Objective: We examined the relationship between habitual daily physical activity and measures of glucose tolerance, insulin sensitivity, and β-cell responses in adults with impaired glucose tolerance (IGT) or drug-naive, recently diagnosed type 2 diabetes.
Research design and methods: Participants included 230 adults (mean ± SD age 54.5 ± 8.5 years, BMI 35 ± 5.5 kg/m2; 42.6% women) who underwent a 3-h oral glucose tolerance test (OGTT) and hyperglycemic clamp. Wrist accelerometers worn for 7 consecutive days measured total physical activity counts (TAC) (daily mean 233,460 [∼50th percentile for age]). We evaluated whether TAC was associated with fasting plasma glucose, OGTT 2-h plasma glucose or glucose incremental area under the curve (G-iAUC), hyperglycemic clamp measures of insulin sensitivity (steady-state glucose infusion rate/insulin [M/I]) and β-cell responses (acute C-peptide response to glucose, steady-state C-peptide, and maximal β-cell response), and OGTT C-peptide index (ΔC-peptide0-30/Δglucose0-30).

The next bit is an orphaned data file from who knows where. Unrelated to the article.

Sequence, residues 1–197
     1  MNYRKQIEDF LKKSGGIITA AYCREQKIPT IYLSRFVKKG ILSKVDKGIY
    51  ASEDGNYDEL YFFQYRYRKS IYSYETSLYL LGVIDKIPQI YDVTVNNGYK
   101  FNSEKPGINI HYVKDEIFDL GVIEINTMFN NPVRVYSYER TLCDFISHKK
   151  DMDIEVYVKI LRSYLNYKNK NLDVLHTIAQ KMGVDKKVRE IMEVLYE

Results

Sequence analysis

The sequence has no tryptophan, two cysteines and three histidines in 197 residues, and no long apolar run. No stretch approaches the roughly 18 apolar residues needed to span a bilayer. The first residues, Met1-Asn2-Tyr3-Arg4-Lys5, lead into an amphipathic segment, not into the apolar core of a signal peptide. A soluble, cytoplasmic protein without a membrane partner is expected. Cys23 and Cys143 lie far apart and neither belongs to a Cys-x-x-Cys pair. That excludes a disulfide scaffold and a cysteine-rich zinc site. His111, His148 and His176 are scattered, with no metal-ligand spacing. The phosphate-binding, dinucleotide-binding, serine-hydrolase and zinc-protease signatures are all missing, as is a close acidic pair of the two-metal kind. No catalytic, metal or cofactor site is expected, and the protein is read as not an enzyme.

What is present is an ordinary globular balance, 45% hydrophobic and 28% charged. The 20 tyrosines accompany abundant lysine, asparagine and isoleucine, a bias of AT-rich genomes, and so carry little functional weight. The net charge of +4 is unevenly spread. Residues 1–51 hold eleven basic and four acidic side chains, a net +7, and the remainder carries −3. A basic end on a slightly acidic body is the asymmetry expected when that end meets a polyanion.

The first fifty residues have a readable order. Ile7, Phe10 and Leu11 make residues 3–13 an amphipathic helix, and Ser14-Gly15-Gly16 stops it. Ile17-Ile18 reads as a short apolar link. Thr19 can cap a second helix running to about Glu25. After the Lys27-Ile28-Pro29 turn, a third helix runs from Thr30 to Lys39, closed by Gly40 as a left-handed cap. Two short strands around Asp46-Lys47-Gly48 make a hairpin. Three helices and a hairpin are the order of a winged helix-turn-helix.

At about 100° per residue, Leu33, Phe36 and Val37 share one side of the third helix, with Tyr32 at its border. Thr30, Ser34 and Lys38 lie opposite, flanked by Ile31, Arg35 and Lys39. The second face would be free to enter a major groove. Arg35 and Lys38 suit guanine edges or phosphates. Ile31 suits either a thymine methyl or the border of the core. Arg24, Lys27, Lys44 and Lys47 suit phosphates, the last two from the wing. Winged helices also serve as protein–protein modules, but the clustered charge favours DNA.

Results: After adjustments for confounders, there was no association of TAC with fasting plasma glucose, 2-h glucose, or G-iAUC. Higher TAC was associated with higher insulin sensitivity (M/I). After adjusting for M/I, higher TAC was not associated with measures of β-cell response.
Conclusions: In adults with IGT or drug-naive, recently diagnosed type 2 diabetes, higher levels of habitual physical activity are associated with higher insulin sensitivity. Further studies are needed to understand why higher levels of physical activity are not associated with better β-cell response.
© 2019 by the American Diabetes Association.